|US8984268 *||Oct 29, 2007||Mar 17, 2015||Aventail Llc||Encrypted record transmission|
|US9043476||May 31, 2013||May 26, 2015||Aventail Llc||Distributed cache for state transfer operations|
|US20010021253 *||Feb 16, 2001||Sep 13, 2001||Soichi Furuya||Method and apparatus for symmetric-key encryption|
|US20010021254 *||Mar 28, 2001||Sep 13, 2001||Soichi Furuya||Method and apparatus for symmetric-key encryption|
|US20020025037 *||Aug 3, 2001||Feb 28, 2002||Fumihikko Sano||Encryption/decryption apparatus, authenticating apparatus, program and method|
|US20020112152 *||Feb 13, 2001||Aug 15, 2002||Vanheyningen Marc D.|
|US20030016821 *||Sep 24, 2002||Jan 23, 2003||Vadium Technology, Inc.||One-time-pad encryption with keyable characters|
|US20030023845 *||Feb 12, 2001||Jan 30, 2003||Vanheyningen Marc||Method and apparatus for providing secure streaming data transmission facilites using unreliable protocols|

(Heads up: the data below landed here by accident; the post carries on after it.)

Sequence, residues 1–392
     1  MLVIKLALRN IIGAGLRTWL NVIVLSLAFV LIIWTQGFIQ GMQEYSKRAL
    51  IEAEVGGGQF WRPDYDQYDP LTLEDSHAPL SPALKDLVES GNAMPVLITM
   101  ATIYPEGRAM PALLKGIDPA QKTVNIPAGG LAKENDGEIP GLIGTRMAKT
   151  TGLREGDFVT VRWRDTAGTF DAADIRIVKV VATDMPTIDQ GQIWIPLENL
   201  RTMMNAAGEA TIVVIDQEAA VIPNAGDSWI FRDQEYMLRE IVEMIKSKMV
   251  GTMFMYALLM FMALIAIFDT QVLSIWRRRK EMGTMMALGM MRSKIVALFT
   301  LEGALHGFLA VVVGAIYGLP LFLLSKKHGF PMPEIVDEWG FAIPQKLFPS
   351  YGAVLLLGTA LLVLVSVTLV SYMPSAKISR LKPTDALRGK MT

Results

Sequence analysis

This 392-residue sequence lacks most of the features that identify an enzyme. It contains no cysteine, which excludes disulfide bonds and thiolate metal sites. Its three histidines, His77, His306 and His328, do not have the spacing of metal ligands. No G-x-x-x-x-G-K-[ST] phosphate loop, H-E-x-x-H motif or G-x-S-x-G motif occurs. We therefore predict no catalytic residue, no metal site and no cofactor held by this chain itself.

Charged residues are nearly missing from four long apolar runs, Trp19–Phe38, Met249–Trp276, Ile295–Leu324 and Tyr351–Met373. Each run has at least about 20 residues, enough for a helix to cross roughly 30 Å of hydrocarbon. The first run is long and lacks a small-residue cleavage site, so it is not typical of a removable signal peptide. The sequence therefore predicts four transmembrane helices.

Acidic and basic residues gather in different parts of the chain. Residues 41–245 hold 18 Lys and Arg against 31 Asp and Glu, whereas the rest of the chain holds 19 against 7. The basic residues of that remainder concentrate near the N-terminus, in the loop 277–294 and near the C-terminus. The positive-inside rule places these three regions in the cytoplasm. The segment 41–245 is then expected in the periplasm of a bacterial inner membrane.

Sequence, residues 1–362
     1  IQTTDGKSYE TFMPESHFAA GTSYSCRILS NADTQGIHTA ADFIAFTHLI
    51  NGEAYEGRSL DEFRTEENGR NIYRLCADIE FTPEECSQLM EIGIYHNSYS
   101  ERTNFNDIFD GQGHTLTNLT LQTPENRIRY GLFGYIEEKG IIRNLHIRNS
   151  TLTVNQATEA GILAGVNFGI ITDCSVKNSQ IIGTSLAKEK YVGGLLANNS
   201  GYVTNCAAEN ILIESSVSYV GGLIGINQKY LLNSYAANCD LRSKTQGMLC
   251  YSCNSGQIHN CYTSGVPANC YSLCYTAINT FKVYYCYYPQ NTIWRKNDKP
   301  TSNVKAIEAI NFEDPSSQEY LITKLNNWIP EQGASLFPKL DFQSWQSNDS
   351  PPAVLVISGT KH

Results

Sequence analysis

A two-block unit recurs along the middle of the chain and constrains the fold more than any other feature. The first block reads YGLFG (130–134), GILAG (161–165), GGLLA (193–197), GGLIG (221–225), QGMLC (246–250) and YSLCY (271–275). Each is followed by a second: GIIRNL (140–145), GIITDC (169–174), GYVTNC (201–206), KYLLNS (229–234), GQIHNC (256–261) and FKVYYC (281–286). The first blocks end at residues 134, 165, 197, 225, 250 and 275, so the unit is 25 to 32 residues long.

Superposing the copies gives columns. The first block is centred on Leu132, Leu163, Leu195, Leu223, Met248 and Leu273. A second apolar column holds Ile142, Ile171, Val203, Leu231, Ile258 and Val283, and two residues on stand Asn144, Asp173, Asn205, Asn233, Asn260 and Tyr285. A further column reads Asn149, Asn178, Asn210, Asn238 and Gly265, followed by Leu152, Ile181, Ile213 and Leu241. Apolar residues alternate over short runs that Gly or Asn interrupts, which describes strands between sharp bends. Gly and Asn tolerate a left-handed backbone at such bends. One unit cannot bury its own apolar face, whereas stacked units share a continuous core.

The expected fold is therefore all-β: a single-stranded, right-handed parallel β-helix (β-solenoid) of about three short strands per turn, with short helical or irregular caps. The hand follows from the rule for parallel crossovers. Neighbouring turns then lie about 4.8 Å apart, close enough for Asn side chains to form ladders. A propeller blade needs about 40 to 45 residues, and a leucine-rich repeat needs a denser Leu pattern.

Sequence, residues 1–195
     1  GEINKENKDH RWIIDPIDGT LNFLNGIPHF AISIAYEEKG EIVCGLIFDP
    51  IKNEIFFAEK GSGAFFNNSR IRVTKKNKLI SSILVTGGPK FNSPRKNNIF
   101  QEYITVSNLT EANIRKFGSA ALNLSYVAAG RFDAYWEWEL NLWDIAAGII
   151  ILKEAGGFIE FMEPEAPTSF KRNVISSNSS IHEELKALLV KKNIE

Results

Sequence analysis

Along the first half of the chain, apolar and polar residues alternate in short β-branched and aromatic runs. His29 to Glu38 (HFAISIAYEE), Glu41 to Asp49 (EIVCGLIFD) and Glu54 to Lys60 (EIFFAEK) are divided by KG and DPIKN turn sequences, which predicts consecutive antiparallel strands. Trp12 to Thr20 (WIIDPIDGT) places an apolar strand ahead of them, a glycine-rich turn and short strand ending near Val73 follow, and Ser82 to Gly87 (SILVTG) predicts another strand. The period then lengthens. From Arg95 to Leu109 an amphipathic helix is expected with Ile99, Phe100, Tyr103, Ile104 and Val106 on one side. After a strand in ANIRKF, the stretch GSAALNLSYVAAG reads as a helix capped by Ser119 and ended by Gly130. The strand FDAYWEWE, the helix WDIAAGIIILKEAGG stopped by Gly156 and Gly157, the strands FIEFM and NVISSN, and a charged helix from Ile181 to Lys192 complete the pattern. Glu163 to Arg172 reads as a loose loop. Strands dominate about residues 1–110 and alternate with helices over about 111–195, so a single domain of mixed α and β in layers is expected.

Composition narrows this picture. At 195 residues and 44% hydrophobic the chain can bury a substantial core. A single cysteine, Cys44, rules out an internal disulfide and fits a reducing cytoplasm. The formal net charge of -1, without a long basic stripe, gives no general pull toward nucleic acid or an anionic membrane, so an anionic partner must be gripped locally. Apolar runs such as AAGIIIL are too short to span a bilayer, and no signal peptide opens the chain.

|US20030161467 *||Apr 19, 2001||Aug 28, 2003||Cheng Lee Ming||Compact crypto-engine for random number and stream cipher generation|
|US20030165242 *||Nov 19, 2001||Sep 4, 2003||Adrian Walker||Confusion encryption|
|US20050008151 *||Jun 29, 2004||Jan 13, 2005||Samplus Technology Co., Ltd.||Processor device and method for data protection by means of data block scrambling|
|US20070064944 *||Nov 21, 2006||Mar 22, 2007||Soichi Furuya||Method and apparatus for symmetric-key decryption|
|US20070121943 *||Sep 18, 2006||May 31, 2007||Stmicroelectronics Limited||Data obfuscation|
|US20080104390 *||Oct 29, 2007||May 1, 2008||Vanheyningen Marc D||Method & Apparatus for Providing Secure Streaming Data Transmission Facilities Using Unreliable Protocols|
|US20080137837 *||Sep 29, 2006||Jun 12, 2008||Sarvar Patel||Encryption method for message authentication|
|US20080141020 *||Oct 29, 2007||Jun 12, 2008||Vanheyningen Marc D||Method and Apparatus for Providing Secure Streaming Data Transmission Facilities Using Unreliable Protocols|